Upstream Music Fest + Summit Keynote Summary
Musicians today share the same dilemma: Whether you’re a seasoned veteran of the industry, or you’re an aspiring artist recording tracks in your bedroom, the question is the same: “How do l get people to listen?”
Keynote speaker and President of the independent label, Kill Rock Stars, Dr. Portia Sabin spoke on the challenges of the new digital market landscape at this year’s inaugural Upstream Music Fest + Summit in Seattle. She was joined by Amaechi Uzoigwe, manager of Run the Jewels, and Tunji Balogun, VP of A&R at RCA.
The industry landscape is much different from how it was 10 years ago. A musician’s career is no longer linear: write music, join a record label, reach people and get famous. The internet has taken a wrecking ball to the old structure, and that has had its pros and cons. On one hand, music consumption has landed in an awkward space. Consumers have gone from buying physical copies of music, to in many cases, downloading and streaming content for free. That has raised a long-standing debate on the value of music in the digital market as artists struggle to earn fair compensation for their work. On the other hand, artists have more control over their careers than ever before.
“The power is moving away from the labels,” Tunji explained. Artists now have the ability to make connections and have direct conversations with their fans in the digital market through social media. They can shape their own narrative. Removing the middle man presents a new challenge, however. Although consumer tastes are more varying, allowing for more experimentation and mold-breaking genres, their attention is consistently aimed at what’s new.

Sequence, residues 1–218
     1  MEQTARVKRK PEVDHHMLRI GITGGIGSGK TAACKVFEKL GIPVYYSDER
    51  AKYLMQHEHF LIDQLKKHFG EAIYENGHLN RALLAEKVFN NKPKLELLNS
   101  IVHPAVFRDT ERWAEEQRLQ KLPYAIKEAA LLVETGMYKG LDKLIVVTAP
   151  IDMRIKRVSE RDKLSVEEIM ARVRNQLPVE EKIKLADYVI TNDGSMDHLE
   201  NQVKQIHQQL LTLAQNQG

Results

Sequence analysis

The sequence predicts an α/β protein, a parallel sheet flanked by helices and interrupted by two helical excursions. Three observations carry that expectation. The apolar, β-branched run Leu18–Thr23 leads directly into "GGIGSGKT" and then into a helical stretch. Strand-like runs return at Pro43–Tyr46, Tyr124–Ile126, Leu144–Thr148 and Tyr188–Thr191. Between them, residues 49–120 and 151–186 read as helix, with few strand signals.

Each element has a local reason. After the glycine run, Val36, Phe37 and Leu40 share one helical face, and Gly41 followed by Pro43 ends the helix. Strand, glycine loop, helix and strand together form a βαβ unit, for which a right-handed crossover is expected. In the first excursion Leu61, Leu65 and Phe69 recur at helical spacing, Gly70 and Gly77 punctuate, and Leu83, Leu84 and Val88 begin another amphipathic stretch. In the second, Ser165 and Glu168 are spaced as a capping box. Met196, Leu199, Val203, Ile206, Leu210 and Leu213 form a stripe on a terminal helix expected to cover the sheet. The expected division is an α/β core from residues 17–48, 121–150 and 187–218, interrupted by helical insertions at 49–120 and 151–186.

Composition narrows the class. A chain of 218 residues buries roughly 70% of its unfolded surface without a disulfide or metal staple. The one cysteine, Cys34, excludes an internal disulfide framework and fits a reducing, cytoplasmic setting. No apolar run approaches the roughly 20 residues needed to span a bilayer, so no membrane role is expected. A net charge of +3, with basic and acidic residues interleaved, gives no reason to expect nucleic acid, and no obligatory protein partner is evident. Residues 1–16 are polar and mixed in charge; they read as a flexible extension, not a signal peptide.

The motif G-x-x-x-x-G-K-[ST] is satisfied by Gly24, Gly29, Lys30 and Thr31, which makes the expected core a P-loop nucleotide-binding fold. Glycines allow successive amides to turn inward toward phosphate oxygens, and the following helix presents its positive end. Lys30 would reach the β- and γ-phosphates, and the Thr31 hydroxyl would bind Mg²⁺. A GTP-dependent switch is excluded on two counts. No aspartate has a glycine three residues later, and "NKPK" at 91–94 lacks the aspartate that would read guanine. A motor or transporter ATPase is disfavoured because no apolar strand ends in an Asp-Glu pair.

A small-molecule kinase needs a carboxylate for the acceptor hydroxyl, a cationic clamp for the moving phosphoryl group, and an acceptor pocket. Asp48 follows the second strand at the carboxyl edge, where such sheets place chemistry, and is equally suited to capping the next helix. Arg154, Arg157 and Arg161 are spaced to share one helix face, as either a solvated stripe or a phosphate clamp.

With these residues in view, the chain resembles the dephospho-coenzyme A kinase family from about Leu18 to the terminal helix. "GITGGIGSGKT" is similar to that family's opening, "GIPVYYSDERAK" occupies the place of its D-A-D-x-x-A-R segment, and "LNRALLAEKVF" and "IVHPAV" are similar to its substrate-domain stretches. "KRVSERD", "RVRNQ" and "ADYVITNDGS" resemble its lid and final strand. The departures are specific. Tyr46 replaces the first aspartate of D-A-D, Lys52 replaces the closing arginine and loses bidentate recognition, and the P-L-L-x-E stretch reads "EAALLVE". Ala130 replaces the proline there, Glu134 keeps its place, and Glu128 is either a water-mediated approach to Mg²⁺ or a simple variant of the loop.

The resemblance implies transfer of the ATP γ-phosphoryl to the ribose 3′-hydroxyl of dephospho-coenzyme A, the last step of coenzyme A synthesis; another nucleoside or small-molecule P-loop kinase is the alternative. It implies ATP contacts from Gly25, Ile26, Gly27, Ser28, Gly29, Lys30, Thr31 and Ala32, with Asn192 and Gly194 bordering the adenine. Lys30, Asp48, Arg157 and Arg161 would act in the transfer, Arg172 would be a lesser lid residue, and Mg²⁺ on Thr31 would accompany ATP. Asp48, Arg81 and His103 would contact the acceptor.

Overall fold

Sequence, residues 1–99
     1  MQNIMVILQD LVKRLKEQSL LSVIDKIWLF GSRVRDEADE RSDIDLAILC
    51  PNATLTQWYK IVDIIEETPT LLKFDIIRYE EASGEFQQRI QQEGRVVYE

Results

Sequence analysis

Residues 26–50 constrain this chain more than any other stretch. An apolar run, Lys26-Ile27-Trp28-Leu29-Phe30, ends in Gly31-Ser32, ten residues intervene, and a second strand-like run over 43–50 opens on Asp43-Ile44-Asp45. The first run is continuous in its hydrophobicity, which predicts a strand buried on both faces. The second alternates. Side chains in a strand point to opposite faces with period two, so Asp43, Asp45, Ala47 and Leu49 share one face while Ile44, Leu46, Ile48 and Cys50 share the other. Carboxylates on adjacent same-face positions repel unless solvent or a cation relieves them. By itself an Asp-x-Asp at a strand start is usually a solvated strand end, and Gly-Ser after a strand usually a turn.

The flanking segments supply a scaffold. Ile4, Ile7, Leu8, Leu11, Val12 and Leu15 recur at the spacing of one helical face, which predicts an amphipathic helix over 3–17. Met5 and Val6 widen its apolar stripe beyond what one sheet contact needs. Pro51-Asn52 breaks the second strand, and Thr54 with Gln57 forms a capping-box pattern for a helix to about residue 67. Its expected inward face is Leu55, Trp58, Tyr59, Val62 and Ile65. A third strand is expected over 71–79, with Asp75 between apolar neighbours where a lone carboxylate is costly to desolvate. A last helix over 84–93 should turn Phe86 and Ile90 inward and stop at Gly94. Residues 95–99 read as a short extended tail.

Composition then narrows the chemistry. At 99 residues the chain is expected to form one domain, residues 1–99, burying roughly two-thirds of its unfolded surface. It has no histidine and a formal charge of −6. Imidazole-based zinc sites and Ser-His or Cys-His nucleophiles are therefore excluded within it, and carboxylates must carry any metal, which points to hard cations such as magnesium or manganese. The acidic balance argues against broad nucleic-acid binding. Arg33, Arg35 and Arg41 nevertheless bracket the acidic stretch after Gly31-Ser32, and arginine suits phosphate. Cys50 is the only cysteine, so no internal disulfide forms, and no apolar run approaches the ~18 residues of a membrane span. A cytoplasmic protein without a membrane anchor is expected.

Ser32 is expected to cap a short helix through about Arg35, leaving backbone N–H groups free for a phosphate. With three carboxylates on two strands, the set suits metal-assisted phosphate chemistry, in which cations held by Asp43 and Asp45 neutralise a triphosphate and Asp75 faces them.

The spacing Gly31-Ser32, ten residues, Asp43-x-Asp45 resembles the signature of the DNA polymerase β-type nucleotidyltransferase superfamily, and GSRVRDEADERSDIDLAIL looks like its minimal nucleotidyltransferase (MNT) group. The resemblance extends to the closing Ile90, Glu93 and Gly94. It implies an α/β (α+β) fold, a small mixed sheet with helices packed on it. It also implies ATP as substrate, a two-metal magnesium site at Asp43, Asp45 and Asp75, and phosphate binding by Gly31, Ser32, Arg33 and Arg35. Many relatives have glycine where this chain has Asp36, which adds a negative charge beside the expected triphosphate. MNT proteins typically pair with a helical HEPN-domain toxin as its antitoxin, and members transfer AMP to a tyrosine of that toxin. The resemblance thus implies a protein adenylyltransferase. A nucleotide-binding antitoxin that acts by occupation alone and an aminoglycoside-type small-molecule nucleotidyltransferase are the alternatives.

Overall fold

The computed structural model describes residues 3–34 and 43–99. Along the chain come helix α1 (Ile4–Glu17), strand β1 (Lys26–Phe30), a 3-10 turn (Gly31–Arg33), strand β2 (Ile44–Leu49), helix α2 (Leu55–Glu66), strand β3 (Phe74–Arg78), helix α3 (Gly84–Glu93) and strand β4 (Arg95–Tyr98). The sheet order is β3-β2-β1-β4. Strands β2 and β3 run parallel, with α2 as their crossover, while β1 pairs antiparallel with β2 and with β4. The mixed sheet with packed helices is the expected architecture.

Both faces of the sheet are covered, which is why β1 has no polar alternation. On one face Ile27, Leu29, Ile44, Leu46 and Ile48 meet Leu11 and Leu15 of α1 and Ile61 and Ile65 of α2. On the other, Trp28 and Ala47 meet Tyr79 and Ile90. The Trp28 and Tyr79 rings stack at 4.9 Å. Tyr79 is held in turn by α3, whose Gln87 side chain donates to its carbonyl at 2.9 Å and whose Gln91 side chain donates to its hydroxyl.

“Enhance your story,” urged Amaechi, “Give them a ‘reason why’, and create something compelling.” Fans need an engaging story to follow, and they respond to authenticity. That puts more responsibility in the artists’ hands as well. It’s important to have something great to share. “Work on the music first.” Social media and marketing are secondary. Fleeting as consumers’ attention is, an artist needs to be flexible and willing to pivot their styles and approach. “What you’re doing may not be working,” Amaechi added. Sometimes what an artist is trying just doesn’t land with their audience. Finding the commonality in your artistic vision and what resonates with your audience takes practice.
There’s a new dynamic in the industry, and it’s easy to get lost in one aspect or another while attempting to drive one’s career forward, but there is one sentiment that remains true: “Nothing comes to you, you have to go and get it.” The work is the same as it has always been. The difference now is artists now hold the tools as opposed to labels.
What, then, is the purpose of record labels in today’s climate? It’s an interesting question, and one I didn’t expect to ask. They’re a powerful ally, but are they responsible for an artist’s success? What do you think?